During the years 1847 to 1850, Father John Neopomucene Neumann and other pioneer priests from the Redemptorist Order stationed at St. Mary's Church in Buffalo occasionally visited the Alden area. They administered to the spiritual needs of the people and celebrated Mass in local farm houses. Other than these uncertain visits, Alden Catholics were obliged to journey to Lancaster or Bennington to attend Mass.
In the spring of 1850 under the guidance of Father Serge de Schoulepnikoff, pastor at Lancaster, land was purchased from George Suttel in Alden Center along present day Sandridge Road. A small frame church was soon under construction. The cornerstone was laid by Bishop Timon on November 9. Lancaster priests served the new parish during the next few years until a pastor arrived in 1854. This marks the official founding of the parish. A school was also constructed about this time at the rear of the church with a schoolmaster by the name of Smith in charge.
Venerable L. Nicodemus Neumann was the first resident priest and pastor. The first baptism was recorded March 5, 1854. From Fr. Neumann's arrival until the pastorate of Father Robert Mockel beginning in 1912, twenty-three priests served St. John's as pastor, most for no more than two years. Rev. Peter Theis (1884-1894) and Rev. A Bornefeld (1896-1908) were exceptions. The first parochial residence was built by Rev. M. Schinabeck in 1860.
The Alden area was largely settles by people of German ancestry at this time and German, rather than English, was the dominant language used socially and in Sunday sermons.
The first church served the parish until 1872 when an addition was made to the original building under Rev. F. X. Koefler to accommodate a growing congregation. A larger school was built in 1882 just north of the church by Father Gysen and Sisters of St. Joseph were teachers. A convent was also built on the west side of the street. The year 1889 saw construction of the present rectory with Fr. Peter Theis as pastor.
Soon the growing membership needed an even larger church. In 1893, Fr. Theis began construction of the present brick structure. The cornerstone was laid on May 13, 1894 and dedicated by Bishop Ryan on October 29th of that year.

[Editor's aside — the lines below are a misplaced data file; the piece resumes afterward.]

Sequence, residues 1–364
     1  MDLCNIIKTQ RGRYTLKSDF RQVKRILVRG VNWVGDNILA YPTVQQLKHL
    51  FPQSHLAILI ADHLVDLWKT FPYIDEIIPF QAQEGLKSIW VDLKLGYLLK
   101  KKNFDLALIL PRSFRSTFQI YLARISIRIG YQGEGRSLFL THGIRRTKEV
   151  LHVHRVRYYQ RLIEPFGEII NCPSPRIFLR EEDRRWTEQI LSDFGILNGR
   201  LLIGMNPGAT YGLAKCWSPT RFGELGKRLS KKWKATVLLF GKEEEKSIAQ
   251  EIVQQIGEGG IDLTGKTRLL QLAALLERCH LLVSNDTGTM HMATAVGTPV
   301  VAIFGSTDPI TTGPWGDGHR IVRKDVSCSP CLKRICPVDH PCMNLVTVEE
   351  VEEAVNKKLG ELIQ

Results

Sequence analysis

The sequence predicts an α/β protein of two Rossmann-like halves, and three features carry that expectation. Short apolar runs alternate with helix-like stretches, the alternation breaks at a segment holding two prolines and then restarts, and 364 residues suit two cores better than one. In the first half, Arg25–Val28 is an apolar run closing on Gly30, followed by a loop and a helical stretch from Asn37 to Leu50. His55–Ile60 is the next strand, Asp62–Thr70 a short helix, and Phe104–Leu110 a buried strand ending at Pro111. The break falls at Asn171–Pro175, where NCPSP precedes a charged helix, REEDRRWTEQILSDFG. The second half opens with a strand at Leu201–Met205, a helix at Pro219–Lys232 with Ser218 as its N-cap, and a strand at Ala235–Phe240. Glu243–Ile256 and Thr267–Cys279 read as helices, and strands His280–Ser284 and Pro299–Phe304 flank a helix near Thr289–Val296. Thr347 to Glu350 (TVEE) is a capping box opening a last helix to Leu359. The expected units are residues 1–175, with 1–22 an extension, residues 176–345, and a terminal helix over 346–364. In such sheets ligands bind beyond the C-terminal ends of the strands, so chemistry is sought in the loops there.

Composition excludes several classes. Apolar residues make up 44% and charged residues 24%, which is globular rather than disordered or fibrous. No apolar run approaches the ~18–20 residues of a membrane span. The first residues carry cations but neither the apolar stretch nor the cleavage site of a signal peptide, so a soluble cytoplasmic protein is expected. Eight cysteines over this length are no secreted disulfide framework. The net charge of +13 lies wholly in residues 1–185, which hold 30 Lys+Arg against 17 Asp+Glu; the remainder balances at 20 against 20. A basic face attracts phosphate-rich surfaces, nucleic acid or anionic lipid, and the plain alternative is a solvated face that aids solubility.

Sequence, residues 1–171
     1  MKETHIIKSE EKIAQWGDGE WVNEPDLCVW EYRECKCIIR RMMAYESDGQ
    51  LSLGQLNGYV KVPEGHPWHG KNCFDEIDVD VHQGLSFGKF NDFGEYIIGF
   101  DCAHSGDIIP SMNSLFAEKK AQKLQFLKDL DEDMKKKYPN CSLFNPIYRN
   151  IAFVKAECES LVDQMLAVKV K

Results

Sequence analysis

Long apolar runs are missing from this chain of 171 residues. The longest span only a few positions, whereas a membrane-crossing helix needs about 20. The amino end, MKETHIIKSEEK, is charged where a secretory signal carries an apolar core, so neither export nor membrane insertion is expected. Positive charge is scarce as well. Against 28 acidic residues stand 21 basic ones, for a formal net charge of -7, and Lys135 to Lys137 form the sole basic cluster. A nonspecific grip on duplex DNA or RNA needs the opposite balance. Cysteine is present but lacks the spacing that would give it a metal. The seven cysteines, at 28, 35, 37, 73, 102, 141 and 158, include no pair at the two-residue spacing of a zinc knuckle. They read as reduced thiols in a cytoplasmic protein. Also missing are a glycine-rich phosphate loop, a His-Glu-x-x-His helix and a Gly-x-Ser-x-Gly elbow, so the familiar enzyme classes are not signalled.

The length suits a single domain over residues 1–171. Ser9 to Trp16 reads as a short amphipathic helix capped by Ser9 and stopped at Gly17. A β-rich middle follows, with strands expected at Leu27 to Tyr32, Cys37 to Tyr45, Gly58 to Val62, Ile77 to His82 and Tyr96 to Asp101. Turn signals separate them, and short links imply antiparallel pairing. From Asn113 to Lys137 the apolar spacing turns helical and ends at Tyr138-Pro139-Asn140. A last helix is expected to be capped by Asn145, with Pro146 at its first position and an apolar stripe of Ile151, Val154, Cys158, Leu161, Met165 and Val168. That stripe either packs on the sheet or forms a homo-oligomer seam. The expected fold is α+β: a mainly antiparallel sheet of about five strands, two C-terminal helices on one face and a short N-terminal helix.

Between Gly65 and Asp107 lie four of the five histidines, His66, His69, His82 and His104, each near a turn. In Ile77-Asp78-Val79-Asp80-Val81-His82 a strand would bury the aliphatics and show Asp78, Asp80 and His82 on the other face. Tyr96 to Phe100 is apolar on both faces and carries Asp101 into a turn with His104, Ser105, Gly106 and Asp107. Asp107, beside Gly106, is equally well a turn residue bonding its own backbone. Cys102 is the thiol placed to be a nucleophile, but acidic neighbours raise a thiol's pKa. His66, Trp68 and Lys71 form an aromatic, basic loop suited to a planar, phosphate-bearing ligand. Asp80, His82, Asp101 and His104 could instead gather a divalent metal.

Shortly after the arrival of Rev. Robert Mockel, ground was broken for a new school across the street. Completed in 1914, the large brick structure included classrooms, chapel, lunch room, auditorium, kitchen, bowling alleys and club rooms. Around this time, a great number of landscape projects were undertaken including a stone border extending around the church, rectory and cemetery. The first Pieta shrine was built in the cemetery. Additional land was also purchased by Father Alfred Hagemaier in 1942 for expansion of the cemetery. The Sandman property just south of the church was acquired to provide room for the parking lot.
After World War II, as the population of the parish grew, changes were made in the school. Under Rev. Bertram Trautman, the second floor auditorium was converted to classrooms. In 1953 construction began on a large addition for a new auditorium, classroom and lavatories.
In the early fifties, the rectory and the interior of the church were remodeled. The first assistant pastor, Father Norbert Selzer, was assigned to help with the increased services for the large congregation. Crowding in the school necessitated another addition. Eight new classrooms, lavatories and a new heating plant were completed in 1958.
Rev. Irwin Spahn arrived in 1959 to oversee a large parish with vast properties and responsibilities. A garage was built behind the rectory to house the cars driven by the priests and nuns. Large sections of the stone wall were removed and more pavement added in front of the church to improve access.
Vatican II initiated many changes during the tenure of Fr. Spahn: Saturday Masses, afternoon and evening Masses, lay lectors, and lay helpers to distribute Holy Communion. Mass was now said in English rather than the traditional Latin and the celebrant moved to a new alter facing the people. The Parish Council was formed, the role of the Home-School Association increased and liturgical teams were named to plan music, readings and other matters for special services. The CCD (religious Education) program came into full being. Reductions in school enrollment and increased regulation prompted several changes in the school including dedicated rooms for science, computer study and offices.
In 1979, Rev. Joseph Hassler came to St. John's. The Parish Council was expanded to include direct representation from all areas of the parish. The cemetery, with property acquired by Fr. Spahn, was enlarged again. Following Fr. Hassler's death in 1986, Rev. David Griffin assumed responsibility for the parish community. In recent years, the church interior has been renovated, the church parking lot expanded and paved and numerous facility improvements implemented. The parish offices are now located on the first floor of the rectory. The Sisters left the parish in 1990, and the convent was then used as a place for Peer Teen Retreat Ministry. In 2002, it became known as "The Rock" and as a center for both youth and adult ministry. The building was destroyed by fire on April 23, 2007.
St. John's Parish has also grown significantly and now serves almost fifteen hundred families under the direction of Rev. James Ciupek. Prayer, worship, education and fellowship in God's name are the focus as always. We will continue to grow and change throughout the years, but hopefully, we will remain as the parish mission statement proclaims, "a faith filled Catholic Christian community which believes in the Lord Jesus Christ, in His Church and its teachings, under the direction of our spiritual leaders."